GREENVILLE, N.C. (WNCT) – Colorectal Cancer Awareness Month brings understanding of the disease throughout the month of March. Wear Blue Day on Friday signified the fight against colon cancer.
According to health experts, screening is the number one way to prevent or detect colon cancer early. In some cases, colon cancer has a 90% survival rate.
The Colorectal Cancer Alliance said that colon cancer is a leading cancer in older individuals, but it’s now on the rise in younger people.
“I’ve definitely seen an uptick in the people under the age of 50. I’ve just recently seen individuals under the age of 40 with colorectal cancer so a little scary,” said Dr. Spencer Skelton, a colorectal surgeon at Carolina East Medical Center. “There seems to be an increase in the incidents and the number population.”
That’s why doctors are stressing the importance of getting screened. The screening age was pushed back to 40 years old from 50.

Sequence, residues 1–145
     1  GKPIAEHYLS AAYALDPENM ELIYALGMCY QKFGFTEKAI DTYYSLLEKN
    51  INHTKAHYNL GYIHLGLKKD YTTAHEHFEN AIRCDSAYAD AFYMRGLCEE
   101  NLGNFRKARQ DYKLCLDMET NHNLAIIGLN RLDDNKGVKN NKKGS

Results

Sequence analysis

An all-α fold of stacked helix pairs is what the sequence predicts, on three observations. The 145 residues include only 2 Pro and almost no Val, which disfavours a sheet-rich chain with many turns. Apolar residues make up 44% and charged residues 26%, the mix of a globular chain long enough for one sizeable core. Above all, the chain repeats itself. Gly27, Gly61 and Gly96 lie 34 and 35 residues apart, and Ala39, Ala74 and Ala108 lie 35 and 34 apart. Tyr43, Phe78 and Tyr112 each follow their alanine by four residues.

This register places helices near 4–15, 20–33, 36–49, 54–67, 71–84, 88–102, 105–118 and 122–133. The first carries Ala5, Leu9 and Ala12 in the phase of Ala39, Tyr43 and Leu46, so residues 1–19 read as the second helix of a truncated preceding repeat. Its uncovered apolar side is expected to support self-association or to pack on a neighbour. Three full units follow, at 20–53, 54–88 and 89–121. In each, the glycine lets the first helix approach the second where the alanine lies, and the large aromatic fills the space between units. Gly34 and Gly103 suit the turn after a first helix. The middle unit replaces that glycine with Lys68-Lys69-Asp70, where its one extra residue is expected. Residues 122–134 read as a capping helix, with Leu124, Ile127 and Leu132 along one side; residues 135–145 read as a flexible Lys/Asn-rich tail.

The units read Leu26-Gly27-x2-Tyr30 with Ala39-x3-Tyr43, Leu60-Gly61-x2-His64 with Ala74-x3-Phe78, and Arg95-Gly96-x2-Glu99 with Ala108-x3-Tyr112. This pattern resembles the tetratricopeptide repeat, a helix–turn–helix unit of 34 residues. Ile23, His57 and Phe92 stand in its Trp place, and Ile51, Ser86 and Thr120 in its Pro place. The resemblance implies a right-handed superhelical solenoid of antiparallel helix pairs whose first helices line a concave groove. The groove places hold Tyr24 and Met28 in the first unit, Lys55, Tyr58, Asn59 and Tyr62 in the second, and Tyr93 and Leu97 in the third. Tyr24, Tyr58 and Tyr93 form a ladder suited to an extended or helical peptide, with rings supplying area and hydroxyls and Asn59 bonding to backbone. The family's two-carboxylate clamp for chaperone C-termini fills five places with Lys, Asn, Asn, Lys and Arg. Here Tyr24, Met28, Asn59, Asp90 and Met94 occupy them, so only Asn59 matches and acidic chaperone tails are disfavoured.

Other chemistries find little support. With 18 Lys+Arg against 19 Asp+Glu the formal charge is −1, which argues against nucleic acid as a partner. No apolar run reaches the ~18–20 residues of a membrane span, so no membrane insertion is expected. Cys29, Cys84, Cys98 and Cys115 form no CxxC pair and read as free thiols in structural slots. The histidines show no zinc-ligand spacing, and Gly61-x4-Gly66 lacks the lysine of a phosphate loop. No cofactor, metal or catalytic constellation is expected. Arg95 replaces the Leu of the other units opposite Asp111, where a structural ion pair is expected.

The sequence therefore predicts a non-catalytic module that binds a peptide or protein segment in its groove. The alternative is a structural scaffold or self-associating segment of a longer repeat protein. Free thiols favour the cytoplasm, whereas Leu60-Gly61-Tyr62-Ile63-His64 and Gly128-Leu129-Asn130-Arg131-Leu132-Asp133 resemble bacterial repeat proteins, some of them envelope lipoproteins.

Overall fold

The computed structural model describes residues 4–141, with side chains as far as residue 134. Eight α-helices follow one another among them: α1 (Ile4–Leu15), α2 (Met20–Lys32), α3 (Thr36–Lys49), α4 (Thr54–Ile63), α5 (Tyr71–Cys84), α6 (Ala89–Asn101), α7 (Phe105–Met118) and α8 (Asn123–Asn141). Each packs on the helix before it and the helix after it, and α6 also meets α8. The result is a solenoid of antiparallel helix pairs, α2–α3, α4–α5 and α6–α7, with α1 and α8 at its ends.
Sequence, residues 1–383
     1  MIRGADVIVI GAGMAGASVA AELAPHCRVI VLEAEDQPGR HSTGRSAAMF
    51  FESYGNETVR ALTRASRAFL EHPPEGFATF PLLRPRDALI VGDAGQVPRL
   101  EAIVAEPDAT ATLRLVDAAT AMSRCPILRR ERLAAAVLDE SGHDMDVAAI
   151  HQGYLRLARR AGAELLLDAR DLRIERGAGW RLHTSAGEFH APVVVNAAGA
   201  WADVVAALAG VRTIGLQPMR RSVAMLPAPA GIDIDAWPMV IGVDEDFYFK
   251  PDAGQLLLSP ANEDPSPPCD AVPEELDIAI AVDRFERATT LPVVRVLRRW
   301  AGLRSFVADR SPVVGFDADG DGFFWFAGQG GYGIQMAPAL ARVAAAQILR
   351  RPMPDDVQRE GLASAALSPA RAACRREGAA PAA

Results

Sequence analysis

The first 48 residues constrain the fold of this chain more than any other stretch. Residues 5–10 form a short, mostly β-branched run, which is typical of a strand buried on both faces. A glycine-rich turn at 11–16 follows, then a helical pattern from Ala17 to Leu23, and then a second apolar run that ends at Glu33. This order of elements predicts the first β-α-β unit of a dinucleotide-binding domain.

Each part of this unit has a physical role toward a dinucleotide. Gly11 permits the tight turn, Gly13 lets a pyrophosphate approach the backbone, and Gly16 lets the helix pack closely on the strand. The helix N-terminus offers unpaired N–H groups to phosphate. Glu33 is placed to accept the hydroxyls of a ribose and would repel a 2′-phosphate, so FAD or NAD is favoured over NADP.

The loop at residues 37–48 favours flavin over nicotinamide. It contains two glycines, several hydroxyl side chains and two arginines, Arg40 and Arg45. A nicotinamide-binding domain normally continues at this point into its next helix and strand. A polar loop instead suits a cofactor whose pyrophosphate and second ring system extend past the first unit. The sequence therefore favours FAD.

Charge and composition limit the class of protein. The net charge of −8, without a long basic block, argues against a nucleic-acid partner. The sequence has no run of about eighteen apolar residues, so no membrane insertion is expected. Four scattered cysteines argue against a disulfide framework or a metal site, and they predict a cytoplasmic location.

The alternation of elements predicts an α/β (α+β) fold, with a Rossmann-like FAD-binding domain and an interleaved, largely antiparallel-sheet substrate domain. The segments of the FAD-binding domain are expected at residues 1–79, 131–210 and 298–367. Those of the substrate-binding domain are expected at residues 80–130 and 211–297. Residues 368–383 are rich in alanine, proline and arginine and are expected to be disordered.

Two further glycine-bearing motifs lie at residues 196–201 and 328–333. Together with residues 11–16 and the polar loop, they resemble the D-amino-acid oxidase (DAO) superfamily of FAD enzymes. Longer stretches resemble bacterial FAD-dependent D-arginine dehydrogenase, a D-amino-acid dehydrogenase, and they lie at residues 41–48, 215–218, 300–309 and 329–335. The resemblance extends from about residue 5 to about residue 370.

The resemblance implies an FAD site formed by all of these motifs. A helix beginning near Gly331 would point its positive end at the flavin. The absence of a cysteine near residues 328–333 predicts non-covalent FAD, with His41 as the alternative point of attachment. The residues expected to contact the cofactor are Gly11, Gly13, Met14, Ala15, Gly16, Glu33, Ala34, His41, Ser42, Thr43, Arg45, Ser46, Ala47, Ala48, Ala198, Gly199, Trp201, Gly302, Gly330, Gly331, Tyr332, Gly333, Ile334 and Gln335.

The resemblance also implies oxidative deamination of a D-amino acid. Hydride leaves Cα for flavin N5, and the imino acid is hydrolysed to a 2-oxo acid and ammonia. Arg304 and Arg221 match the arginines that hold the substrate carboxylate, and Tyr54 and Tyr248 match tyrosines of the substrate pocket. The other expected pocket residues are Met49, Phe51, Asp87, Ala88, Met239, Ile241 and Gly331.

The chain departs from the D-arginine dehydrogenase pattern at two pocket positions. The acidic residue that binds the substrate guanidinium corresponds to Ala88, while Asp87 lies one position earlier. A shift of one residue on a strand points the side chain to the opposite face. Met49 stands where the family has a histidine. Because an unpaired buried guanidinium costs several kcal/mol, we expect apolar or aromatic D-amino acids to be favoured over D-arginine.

“Most people that have colon cancer don’t know that they have it,” said Dr. Drew Honaker, a clinical associate professor and colorectal surgeon at ECU Health. “There’s really no symptoms outside of maybe seeing some blood in your stool. It doesn’t hurt unless it gets very advanced, it won’t cause any symptoms and that’s why screenings have become so important.”
Dr. Skelton said if you have a history in your family, you need to be screened 10 years earlier than when your relative was diagnosed. He also mentions these symptoms to watch out for.
“If there’s any concern at all within bowel habits or abdominal discomfort or bleeding certainly don’t just chalk it up to maybe it’s just hemorrhoids but have somebody actually take a look at it,” said Dr. Skelton.
For more information on colon cancer, visit Colorectal Cancer Alliance.